Skyline adds U.S. mountain resort to its portfolio

Hospitality developer and operator Skyline International Development Inc. is no stranger to the U.S., having made its first U.S. property purchase two years ago.

Skyline Bear ValleyIt also doesn’t expect its recent acquisition of Bear Valley Mountain Resort in northern California will be its last.

“Anything that meets our criteria, we will definitely look at,” said Skyline chief executive Michael Sneyd. “There are quite a few (potential acquisitions).

“We would love to see something in the Northeast, we would love to see something in the Northwest, in the central Midwest, we would love to see something in Eastern Ontario or Quebec as well and British Columbia. So we are keeping our eyes open.”

The must-haves for Toronto-based Skyline, which also owns the Deerhurst and Horseshoe Resorts, is a clear return on investment from any new additions plus potential development upside and geographic proximity to a big urban population.

Those attributes were all present with Bear Valley, according to Sneyd. Located in the Sierra mountain range between Lake Tahoe and Yosemite, Bear Valley is “a year-round, less congested, family-friendly option for skiing and other recreational activities like water sports, biking, music festivals and golf.”

The purchase of the ski area gives Skyline an option to purchase development land in Bear Valley Village for 350 residential units and add a 40,000-square-foot village centre, which includes a 53-room Lodge and a 17,000-sq.-ft. commercial complex.

Skyline has not revealed the price of the acquisition, which includes the 1,700-acre Bear Valley ski area, nine chairlifts, an approximately 2,000-stall parking lot, and a 40,000-sq.-ft. mountain base lodge.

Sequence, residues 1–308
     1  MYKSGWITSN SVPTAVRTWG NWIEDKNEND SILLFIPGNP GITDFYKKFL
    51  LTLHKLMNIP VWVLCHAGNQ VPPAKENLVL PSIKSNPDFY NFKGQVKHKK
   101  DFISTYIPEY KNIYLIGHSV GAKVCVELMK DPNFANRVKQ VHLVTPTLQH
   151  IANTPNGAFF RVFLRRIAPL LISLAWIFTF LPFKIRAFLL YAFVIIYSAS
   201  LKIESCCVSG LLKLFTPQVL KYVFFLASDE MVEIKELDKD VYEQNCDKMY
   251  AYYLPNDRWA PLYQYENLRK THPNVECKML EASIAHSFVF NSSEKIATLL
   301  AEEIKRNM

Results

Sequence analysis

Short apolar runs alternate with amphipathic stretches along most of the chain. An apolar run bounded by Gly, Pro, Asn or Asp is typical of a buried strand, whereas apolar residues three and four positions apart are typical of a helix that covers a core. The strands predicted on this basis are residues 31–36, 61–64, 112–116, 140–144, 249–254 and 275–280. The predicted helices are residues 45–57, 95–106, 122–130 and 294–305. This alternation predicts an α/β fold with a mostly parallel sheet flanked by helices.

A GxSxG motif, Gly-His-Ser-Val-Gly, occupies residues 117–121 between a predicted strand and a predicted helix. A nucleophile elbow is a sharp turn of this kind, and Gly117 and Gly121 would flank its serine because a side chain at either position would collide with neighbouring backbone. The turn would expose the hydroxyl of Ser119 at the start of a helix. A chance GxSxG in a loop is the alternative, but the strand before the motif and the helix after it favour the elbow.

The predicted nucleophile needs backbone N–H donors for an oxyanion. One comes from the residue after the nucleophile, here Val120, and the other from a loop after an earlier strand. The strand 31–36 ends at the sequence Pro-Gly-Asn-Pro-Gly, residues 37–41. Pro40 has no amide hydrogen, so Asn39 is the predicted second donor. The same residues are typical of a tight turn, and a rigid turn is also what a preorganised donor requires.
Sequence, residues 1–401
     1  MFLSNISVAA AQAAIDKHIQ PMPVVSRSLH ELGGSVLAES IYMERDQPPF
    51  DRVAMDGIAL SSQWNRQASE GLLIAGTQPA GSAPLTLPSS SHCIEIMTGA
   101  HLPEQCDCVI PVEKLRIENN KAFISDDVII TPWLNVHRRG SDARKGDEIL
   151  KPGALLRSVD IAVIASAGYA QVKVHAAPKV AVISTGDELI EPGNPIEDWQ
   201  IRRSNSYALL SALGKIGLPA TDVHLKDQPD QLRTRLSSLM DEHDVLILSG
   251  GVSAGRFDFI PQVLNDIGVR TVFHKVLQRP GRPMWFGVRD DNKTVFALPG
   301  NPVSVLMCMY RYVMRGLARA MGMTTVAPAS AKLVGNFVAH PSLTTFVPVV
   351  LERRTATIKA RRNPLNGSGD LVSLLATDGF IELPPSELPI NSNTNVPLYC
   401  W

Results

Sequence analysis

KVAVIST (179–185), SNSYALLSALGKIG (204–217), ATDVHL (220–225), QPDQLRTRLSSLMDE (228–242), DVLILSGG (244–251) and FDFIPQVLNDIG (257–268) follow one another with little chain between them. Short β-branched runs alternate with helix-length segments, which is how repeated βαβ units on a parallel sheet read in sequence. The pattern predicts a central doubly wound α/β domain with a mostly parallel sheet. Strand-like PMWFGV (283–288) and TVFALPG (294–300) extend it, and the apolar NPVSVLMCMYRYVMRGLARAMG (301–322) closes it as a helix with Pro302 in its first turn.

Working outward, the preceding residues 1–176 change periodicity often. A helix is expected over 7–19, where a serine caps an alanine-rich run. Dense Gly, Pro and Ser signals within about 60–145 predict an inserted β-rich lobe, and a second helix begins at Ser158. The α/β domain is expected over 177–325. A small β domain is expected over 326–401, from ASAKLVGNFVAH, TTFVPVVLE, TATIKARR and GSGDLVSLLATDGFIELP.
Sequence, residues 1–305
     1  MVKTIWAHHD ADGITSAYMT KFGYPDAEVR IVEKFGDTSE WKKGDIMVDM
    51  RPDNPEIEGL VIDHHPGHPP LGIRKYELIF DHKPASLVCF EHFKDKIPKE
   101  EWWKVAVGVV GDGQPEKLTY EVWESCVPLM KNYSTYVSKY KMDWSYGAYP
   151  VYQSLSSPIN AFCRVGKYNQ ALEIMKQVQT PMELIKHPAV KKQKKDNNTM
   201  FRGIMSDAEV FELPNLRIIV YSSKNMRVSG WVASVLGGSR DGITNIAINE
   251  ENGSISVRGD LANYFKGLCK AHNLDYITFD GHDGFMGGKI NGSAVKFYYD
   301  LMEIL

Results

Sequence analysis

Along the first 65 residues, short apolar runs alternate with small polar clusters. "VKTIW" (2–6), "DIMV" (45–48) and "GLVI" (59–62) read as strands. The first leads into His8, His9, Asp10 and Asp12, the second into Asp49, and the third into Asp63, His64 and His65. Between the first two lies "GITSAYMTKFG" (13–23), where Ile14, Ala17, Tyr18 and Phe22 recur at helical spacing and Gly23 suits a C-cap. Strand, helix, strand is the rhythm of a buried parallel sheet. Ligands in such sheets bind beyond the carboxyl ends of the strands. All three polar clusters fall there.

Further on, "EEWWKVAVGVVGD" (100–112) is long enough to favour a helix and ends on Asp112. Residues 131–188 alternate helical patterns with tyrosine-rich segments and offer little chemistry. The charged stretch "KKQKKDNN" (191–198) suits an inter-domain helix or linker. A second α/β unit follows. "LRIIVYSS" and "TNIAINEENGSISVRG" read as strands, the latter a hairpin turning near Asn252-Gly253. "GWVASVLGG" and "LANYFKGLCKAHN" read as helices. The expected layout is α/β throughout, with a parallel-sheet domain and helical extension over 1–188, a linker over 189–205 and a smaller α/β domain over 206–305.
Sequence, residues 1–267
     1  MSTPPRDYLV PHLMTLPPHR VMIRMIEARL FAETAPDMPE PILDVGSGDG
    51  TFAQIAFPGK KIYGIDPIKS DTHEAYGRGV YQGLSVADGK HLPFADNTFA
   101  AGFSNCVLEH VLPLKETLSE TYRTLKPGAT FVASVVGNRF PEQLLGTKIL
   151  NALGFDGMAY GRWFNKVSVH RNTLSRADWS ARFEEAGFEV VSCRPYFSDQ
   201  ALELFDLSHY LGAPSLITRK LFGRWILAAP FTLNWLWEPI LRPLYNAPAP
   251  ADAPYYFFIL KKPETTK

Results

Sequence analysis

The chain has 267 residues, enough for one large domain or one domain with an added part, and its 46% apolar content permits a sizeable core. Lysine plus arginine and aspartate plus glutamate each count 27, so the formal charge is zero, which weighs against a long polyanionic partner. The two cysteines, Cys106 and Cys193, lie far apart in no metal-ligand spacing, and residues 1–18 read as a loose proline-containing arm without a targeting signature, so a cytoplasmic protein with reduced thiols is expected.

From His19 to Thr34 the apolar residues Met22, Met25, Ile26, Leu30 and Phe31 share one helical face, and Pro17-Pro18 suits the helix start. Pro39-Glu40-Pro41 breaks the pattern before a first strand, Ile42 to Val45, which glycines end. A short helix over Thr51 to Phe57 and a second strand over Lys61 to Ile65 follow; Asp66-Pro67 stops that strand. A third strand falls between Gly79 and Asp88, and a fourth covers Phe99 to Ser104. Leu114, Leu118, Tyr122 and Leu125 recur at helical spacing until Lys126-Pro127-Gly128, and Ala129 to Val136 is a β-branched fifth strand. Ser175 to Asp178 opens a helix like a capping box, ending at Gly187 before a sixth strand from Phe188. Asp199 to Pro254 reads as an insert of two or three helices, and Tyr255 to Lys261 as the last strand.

Other development

While Bear Valley represents its first U.S. ski resort acquisition, Skyline is also hard at work developing its four-season resort properties north of the Greater Toronto Area.

Copeland House, the first phase of development at Horseshoe Resort, is now under construction. Skyline has also begun pre-selling its 162-unit Lakeside Lodge, which represents the last waterfront property at the 862-acre Deerhurst holding.

If sales meet expectations, construction could begin next spring. At its Blue Mountain holding, it cautiously offered up nine residential lots for sale as its first foray in that resort community. To its surprise, a local builder made the company “an offer we couldn’t refuse” and purchased all nine lots.

“We are now focusing on opening up the next phase of development at Blue Mountain,” said Sneyd. “We have some exciting plans relating to locating a Skyline club at Blue Mountain, presenting some very exciting plans and residential opportunities at what is the closest family residential land to the ski hills that is available at Blue Mountain.”

Last year, Skyline acquired 50 per cent of the retail component in both the village and surrounding golf course at Blue Mountain and the remaining developable land.